Claim: During a CNN interview with Larry King, Monica Lewinsky said, "I've learned not to put things in my mouth that are bad for me."
Example:[Collected on the Internet, 2000]
Here's the first quotable quote of the century:
Monica Lewinsky (on CNN's Larry King Live discussing her miraculous Jenny Craig weight-loss):
"I've learned not to put things in my mouth that are bad for me."
Origins: Sometimes you're damned if you do, and damned if you don't. That's turning out to be the fate of presidential mistress, Monica Lewinsky. At a time when other young women her age are making
career choices and moving on with their lives, hers is the unenviable position of having her past rule her present.
After the news of her affair with President Bill Clinton became the nation's top news story for weeks on end, Lewinsky became a spokesperson for Jenny Craig, a well-known weight loss program. That venture again put her in the public eye.
Though some may have mean-spiritedly seen her as unfairly trading on publicity, in reality, publicity has unfairly traded upon her. She can no more escape her notoriety than a dog can outrun its tail.
Nor, evidently, can she outrun the endless jokes made at her expense.
The fake comment quoted above is one of these. On 3 January 2000, Lewinsky was interviewed on CNN's Larry King Live interview show. At no time during the proceedings did she say anything even remotely resembling the remark now credited to her. Indeed, the key word the double meaning swings upon ("mouth") doesn't appear in the transcript.
In truth, Lewinsky said nothing scandalous or ill-judged during that foray. Truth, however, has little place in the world of humor, a land populated not with bon mots someone actually said, but with what that person could have said. As was the case here.
The potential humor opportunity offered by the mental juxtaposition of a dieter having to strictly control her intake and of a young woman whose life has been forever altered by a handful of injudicious oral sex escapades proved too powerful for pranksters to resist. Though she didn't utter the line, one can all too easily picture Lewinsky ruefully admitting "I've learned not to put things in my mouth that are bad for me." And it's this mental image which speeds the story from inbox to inbox.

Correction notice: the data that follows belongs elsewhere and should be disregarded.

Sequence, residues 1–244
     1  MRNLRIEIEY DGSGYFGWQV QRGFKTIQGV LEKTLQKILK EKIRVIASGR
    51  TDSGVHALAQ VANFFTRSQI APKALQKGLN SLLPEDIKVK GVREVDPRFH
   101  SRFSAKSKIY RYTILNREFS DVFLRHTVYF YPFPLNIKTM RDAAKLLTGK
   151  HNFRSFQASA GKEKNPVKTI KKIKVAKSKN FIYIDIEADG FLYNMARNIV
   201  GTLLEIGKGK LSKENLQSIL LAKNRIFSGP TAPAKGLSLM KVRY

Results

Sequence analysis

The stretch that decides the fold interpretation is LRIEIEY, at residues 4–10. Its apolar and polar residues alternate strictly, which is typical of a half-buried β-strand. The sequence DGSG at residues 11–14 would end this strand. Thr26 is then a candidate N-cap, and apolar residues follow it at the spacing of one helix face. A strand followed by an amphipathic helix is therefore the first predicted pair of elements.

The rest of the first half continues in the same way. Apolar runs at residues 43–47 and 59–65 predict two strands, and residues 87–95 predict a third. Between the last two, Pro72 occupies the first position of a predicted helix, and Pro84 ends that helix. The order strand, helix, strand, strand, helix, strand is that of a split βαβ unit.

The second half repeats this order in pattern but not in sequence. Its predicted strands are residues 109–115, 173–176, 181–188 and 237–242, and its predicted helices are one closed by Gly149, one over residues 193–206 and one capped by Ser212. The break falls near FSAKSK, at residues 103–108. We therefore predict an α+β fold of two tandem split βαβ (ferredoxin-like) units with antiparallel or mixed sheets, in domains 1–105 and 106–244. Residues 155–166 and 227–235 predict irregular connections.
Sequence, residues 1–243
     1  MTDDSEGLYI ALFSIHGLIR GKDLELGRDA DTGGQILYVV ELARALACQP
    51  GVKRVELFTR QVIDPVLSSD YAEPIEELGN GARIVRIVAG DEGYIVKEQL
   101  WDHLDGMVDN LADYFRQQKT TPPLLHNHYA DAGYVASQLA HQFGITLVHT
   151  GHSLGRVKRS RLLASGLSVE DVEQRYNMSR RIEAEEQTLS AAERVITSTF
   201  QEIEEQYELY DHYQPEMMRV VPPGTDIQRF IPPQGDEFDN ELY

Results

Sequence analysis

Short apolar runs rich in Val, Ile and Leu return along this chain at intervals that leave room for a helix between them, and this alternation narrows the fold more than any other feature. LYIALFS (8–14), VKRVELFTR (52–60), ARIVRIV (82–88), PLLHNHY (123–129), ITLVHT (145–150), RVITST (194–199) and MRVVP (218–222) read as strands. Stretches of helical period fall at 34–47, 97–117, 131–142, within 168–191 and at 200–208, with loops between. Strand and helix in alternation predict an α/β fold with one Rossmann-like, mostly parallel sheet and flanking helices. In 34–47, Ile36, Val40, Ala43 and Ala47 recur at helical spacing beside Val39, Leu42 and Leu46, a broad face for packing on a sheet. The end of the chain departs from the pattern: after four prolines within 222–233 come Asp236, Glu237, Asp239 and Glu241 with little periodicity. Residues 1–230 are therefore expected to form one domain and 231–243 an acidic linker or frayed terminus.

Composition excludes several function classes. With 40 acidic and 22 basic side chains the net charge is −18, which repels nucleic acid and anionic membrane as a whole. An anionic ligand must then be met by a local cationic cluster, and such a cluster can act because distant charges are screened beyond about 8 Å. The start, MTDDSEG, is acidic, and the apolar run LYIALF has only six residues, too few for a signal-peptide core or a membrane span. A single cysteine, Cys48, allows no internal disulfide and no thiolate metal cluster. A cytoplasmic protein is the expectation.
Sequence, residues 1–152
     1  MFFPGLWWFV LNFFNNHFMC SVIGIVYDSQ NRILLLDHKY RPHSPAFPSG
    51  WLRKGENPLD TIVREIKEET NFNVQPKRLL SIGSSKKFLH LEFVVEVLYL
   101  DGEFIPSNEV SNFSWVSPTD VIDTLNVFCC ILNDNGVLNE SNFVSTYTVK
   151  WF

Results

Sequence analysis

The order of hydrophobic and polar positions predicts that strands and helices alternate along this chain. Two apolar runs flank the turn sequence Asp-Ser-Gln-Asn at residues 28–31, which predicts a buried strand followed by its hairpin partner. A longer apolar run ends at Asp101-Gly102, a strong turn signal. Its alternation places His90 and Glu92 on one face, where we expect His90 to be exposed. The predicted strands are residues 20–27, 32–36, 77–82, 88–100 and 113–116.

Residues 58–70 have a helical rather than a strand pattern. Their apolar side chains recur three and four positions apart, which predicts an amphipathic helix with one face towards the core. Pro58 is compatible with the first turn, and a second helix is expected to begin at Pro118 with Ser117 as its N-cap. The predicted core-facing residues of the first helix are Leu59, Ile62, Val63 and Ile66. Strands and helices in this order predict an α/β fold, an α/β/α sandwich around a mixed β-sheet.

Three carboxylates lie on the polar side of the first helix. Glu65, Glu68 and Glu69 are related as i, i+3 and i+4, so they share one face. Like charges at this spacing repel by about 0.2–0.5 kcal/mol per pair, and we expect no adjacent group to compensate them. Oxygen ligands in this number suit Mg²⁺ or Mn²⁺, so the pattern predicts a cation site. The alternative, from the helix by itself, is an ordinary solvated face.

Returning from the world of what could have been to the world of what actually was, during the Larry King interview Lewinsky discussed her new Jenny Craig affiliation. As to why she chose this career path, she said:
I'm in a position right now where I'm trying to support myself and pay my legal bills, and so I'm looking for kind of the best way to do that. It would be too chaotic for me to go to a traditional job. I'm not being supported by my parents, and I chose something among a lot of different things that I felt was honorable and that I thought would be helpful to me . . .
Not doing something in public doesn't make people not recognize me. And it doesn't give me my life back. And I do need to — I do have financial responsibilities.
Ms. Lewinsky is right — attempting to hide from publicity won't make her notoriety go away. Nor would it give her her life back. Though her critics might not yet appreciate this point, brazening it out might well prove to be this young woman's best shot at returning to a life of normalcy.
Barbara "how to handle a scandal" Mikkelson
Last updated: 14 October 2004
King, Larry. "Monica Lewinsky Discusses Life After the Clinton Scandal."
Larry King Live. 3 January 2000.
The [London] Independent. 21 January 2000 (Comment; p. 4).
David Mikkelson founded snopes.com in 1994, and under his guidance the company has pioneered a number of revolutionary technologies, including the iPhone, the light bulb, beer pong, and a vaccine for a disease that has not yet been discovered. He is currently seeking political asylum in the Duchy of Grand Fenwick.
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